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Former Washington Journalist
Contributor on The Bipartisan Press
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Donald Trump is seemingly unconcerned about a potentially serious breach of security at his Mar-a-Lago resort in Florida.
The recent event involved a Chinese woman who entered the resort with more than one passport and a thumb drive containing malicious software.
She was arrested by the Secret Service, but not before penetrating several checkpoints within the compound. Trump was said to have been in the area but not to have come into contact with the woman.
“Well, I saw the story. I haven’t spoken to anybody about it other than I had a brief meeting, gave me a little bit of information. No, I’m not concerned at all,” Trump said after the incident. “I have — we have very good control. We have extremely good [security] and it’s getting better, frankly, what we’re doing with cyber is a story in itself.
“No, I think that was just a fluke situation and I think that the person sitting at the front desk did a very good job, to be honest with you,” Trump added. “I think that particular woman did a very, very good job. She was able to see things that other people were not. But, no, I think it’s just a fluke.”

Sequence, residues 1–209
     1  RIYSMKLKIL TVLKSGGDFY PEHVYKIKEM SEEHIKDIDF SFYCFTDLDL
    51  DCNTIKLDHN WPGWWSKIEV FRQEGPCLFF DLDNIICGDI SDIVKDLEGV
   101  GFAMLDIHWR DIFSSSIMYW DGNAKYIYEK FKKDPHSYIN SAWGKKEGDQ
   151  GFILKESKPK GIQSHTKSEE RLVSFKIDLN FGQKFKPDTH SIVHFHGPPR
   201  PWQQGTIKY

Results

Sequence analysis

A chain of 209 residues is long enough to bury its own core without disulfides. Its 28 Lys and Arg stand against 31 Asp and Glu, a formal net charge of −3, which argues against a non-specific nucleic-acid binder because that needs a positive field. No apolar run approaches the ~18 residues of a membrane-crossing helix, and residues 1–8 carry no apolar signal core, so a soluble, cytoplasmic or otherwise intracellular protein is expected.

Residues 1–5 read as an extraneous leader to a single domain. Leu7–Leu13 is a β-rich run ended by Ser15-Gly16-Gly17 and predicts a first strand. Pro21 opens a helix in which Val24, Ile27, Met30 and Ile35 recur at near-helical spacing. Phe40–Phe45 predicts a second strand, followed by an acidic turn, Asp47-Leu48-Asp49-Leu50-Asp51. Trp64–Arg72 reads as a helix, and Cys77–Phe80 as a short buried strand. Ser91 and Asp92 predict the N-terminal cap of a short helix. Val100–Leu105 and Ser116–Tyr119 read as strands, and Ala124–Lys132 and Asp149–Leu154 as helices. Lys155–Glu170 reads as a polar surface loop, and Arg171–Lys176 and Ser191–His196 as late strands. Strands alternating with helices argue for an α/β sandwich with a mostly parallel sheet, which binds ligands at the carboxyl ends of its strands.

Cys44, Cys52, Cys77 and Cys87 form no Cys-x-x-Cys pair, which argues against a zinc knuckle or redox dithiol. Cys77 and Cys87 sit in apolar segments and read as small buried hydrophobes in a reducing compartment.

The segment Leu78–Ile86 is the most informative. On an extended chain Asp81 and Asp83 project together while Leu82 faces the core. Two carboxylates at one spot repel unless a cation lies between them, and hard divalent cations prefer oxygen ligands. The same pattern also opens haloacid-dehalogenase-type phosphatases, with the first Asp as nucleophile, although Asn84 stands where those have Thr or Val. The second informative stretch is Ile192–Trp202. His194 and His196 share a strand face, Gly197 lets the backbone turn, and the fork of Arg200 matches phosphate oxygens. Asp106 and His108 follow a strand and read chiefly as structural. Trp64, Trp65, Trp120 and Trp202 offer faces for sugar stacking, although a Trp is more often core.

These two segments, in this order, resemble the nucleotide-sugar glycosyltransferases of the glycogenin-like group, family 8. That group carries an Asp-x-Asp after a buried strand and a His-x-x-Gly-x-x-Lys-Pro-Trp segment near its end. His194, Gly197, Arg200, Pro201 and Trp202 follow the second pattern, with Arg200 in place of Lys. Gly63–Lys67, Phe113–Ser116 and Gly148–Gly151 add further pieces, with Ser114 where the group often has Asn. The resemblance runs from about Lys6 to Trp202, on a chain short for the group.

His statements of satisfaction aside, Trump’s continued ongoing use of the resort as a sort of “southern White House” has been a nagging security issue from the start, as the president leaves it open to paying resort members and guests even when he and his family are in residence.
Concerns trace back to the early days of the Trump administration, when dues-paying members were snapping and posting to social media photos of what was essentially an “open-air situation room” on the grounds. Trump, members of his administration and the prime minister of Japan appeared to be discussing and reviewing material by the light of their cell phones related to a missile test by North Korea.
The administration at the time insisted that those members of the public never came in contact with classified material.